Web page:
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Archive for June, 2010

My DAC Journey: Past, Present and Future

Monday, June 28th, 2010


I have a unique perspective on DAC since I have attended DAC in many different capacities over the last 15 years: as a poor student, a lucky customer, an excited vendor participant, an independent consultant, a free spirit and a hard working vendor organizer.  The following log describes the many DACs that I have attended and my impressions.

·1995 (San Francisco):  My first DAC as a graduate student. Our research group (Zhi Wang and me, led by Prof. Malgorzata-Chrzanowska Jeske) from Portland State University won the Design Automation Conference Scholarship Awards for our project “Fine-Grain Locally-Connected FPGAs; Synthesis and Architecture”. It was an exciting event for me since I had been in the U.S. for only one year. Being able to participate in the academic sessions and meeting with other researchers were simply fantastic!


·1996 (Las Vegas): As a CAD engineer from Lattice Semiconductor Corporation.  As a customer of EDA tools, I was treated to my very first expensive Sushi dinner by sales people of a vendor. The tradeshow floor was exciting and overwhelming. All the exhibitors, presentations, giveaways, magician shows stimulated all my senses. My colleague won a nice telescope in a drawing. Wow, it was amazing!


·1998 (San Francisco), 1999 (New Orleans), 2000(LA): As a core competency applications engineer from Cadence Design Systems. Those were good years at Cadence when the parties were lots of fun. I worked mainly in the suite to launch Cadence’s new equivalence checker. We were busy but I heard the floor traffic was down.


·2001 (Las Vegas): As a lead applications engineer from Real Intent. It was a very memorable DAC for me because Real Intent was a young startup at that time. We got a lot of attention from all kinds of people trying to learn about our “Intent Driven Verification” technology.


·2003 (Anaheim): As a free spirit.  I took time off after having my first daughter Makana. Without any obligations, I had a great time seeing old friends and keeping up with new development in the industry.


·2006 (San Francisco): As a new PhD graduate. I presented my research paper “Symmetry detection for large Boolean functions using simulation, satisfiability and circuit representation”, co-authored with Alan Mishchenko, Prof. Bob Brayton and Prof. Jeske. I also presented at the PhD forum on my thesis “Computing functional properties and network flexibilities for logic synthesis and verification”. I spent most of my time in academic sessions noticing the change of hot topics between years.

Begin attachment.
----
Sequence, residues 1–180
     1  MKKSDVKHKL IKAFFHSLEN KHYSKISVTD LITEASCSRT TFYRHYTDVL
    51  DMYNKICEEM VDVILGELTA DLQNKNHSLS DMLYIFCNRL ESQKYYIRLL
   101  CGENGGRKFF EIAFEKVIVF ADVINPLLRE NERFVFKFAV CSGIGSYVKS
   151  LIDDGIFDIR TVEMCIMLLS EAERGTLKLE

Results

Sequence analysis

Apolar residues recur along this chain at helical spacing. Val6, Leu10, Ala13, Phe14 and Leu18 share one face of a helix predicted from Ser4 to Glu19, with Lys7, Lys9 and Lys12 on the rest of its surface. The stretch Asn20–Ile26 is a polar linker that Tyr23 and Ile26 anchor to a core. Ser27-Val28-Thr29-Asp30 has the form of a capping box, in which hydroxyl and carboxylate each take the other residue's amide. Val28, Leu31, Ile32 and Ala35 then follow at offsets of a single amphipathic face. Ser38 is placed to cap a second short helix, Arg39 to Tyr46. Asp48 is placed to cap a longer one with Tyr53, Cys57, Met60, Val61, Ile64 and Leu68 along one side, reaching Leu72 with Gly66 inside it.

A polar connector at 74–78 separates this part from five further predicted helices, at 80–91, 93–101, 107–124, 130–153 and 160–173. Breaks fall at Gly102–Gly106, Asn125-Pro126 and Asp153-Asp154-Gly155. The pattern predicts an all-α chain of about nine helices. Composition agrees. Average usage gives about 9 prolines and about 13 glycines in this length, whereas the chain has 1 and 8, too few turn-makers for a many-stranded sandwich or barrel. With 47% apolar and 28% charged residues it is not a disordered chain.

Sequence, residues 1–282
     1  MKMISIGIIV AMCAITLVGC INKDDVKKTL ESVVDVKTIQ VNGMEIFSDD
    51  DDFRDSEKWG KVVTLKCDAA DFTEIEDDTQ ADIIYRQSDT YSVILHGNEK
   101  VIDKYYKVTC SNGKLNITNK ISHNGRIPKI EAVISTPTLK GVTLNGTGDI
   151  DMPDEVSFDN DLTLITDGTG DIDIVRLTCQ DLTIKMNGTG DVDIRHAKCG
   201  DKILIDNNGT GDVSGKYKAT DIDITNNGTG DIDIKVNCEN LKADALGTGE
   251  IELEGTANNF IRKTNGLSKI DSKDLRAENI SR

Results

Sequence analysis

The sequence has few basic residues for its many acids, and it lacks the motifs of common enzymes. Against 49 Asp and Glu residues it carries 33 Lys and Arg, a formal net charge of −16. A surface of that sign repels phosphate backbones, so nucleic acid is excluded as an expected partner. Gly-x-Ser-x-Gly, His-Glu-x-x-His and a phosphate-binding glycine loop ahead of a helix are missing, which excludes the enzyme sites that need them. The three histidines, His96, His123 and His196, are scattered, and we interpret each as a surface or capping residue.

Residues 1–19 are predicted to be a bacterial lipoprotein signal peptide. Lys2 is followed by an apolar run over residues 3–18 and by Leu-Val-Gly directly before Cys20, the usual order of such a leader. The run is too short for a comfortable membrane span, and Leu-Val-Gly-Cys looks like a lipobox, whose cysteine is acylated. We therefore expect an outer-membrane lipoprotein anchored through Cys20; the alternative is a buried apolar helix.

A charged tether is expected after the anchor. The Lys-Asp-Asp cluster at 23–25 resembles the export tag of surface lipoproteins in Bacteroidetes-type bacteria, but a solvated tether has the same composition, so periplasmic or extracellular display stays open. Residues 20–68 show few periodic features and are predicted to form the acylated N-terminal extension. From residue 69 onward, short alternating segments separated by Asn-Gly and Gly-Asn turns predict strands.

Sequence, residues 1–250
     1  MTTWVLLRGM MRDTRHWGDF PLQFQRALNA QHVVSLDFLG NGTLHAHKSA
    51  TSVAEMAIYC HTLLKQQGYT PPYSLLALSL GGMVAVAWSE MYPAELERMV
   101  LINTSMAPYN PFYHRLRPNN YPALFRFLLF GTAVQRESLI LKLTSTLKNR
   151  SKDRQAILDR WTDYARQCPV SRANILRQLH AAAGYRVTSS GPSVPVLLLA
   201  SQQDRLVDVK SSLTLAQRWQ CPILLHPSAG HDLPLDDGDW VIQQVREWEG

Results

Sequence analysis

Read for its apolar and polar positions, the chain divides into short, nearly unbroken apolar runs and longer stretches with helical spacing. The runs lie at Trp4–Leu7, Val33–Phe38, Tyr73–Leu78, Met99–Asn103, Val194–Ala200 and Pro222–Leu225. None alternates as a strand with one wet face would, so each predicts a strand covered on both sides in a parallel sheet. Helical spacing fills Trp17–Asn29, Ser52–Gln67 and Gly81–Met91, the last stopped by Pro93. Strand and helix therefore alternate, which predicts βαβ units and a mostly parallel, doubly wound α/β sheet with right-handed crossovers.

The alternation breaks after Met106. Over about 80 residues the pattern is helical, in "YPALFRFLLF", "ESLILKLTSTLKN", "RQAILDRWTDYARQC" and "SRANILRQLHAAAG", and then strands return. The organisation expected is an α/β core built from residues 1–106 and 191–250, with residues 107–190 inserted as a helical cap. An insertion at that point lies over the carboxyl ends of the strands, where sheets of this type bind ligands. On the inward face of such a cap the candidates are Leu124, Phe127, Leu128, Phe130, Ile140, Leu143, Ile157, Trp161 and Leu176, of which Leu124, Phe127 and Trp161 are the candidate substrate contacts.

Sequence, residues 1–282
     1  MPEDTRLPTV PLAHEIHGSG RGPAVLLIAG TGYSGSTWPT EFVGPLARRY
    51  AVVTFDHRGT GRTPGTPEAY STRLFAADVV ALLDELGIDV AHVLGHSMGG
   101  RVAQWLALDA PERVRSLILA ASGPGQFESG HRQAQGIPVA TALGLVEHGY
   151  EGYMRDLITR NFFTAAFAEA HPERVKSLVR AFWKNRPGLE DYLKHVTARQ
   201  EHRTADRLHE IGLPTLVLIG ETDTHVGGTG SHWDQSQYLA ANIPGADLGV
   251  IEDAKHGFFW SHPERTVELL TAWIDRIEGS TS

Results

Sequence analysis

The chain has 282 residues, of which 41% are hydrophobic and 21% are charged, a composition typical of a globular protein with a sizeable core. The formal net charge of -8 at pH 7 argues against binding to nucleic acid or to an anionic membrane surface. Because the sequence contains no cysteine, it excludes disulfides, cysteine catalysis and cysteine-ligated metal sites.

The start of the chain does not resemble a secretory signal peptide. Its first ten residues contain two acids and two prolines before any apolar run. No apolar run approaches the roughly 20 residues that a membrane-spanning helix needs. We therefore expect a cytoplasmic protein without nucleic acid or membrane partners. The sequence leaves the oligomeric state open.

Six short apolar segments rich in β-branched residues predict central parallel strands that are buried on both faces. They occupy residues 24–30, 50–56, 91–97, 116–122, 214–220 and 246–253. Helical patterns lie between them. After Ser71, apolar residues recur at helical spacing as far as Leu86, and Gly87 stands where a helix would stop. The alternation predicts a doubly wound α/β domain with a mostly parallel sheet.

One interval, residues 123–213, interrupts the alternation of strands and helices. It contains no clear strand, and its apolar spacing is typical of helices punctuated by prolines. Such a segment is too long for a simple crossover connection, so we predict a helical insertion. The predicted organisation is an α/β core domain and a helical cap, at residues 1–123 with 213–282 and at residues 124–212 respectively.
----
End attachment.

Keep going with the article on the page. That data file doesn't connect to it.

·2007 (San Diego): As an independent consultant. I was there to scout the market and see what’s new.


·2008 (Anaheim), 2009 (San Francisco): As a technical marketing manager for Real Intent. The product that I am responsible for, Meridian CDC, Real Intent’s flagship asynchronous clock domain crossing verification tool, got great attraction at these events. I remember talking nonstop for hours showcasing Meridian CDC’s advanced capabilities.



This year at Anaheim, I attended DAC as the director of technical marketing for Real Intent. This is the first time that I have been involved in orchestrating all the behind-the-scene work a vendor has to do to participate at DAC. I am struck by:

1.      How expensive it is to participate for DAC. Besides the huge cost of having a space at DAC, the cost of designing and building the booth, the cost of transporting the booth to and from the convention center, the cost of installing and dismantling the booth, and the cost related to staff travel add up very quickly. Some of the costs are so outrageous that I am surprised we all put up with these every year: $90 per hour for floor union labor from 8am to 4:30pm and $150 per hour overtime?  $270 to vacuum a 900 SF area? $50 for a gallon of coffee with $25 delivery charge? Why do the smart people in EDA pay so much money for so little service?


2.      The amount of time and effort needed to organize all activities. A successful tradeshow is a concerted effort  involving many groups of people: R&D to develop the new big thing to showcase at DAC, Sales to line up customer meetings, Marketing to create a theme and associated art work, update product literature, create product presentation and demonstration, Media to tell the public what will happen, Booth design firm to design a booth with a prominent presence while saving cost, Promotional company to select giveaways and DAC attire, Logistics firm for transportation to and from the convention center and within the convention center, Union labor for booth installation & dismantling (their lack of efficiency drove us nuts), Hotel for staff, and many more. After doing all these, I now have great appreciation of people who organize trade shows. There are a million details, tons of work.

The hard work paid off. Real Intent had a good show. We had many qualified people coming through our booth checking out our technologies. People all liked our stylish booth design with wavy frosty panels and 3 different shirt colors (red, green and purple).  We often got asked about the different shirt colors as people walked in our booth, and we proudly pointed to the colors of our 3 product families: Ascent, Meridian and PureTime.



DAC released preliminary attendance number for this year: full conference 1554, exhibit attendees 3444, exhibitors and guests 2557. The total number of participants 7555 is on par with last year’s total of 7996 [1]. However throughout the years, most people would say that the number of companies exhibiting and the attendance have gone down from the good days. The following are some of the factors that have contributed to this trend:

·With the high cost and huge amount of work involved, smaller companies may reduce presence or pull out;

·With the other smaller regional tradeshows, e.g. DVCon and SNUG, potential customers have less of a need to travel to DAC to meet all the vendors;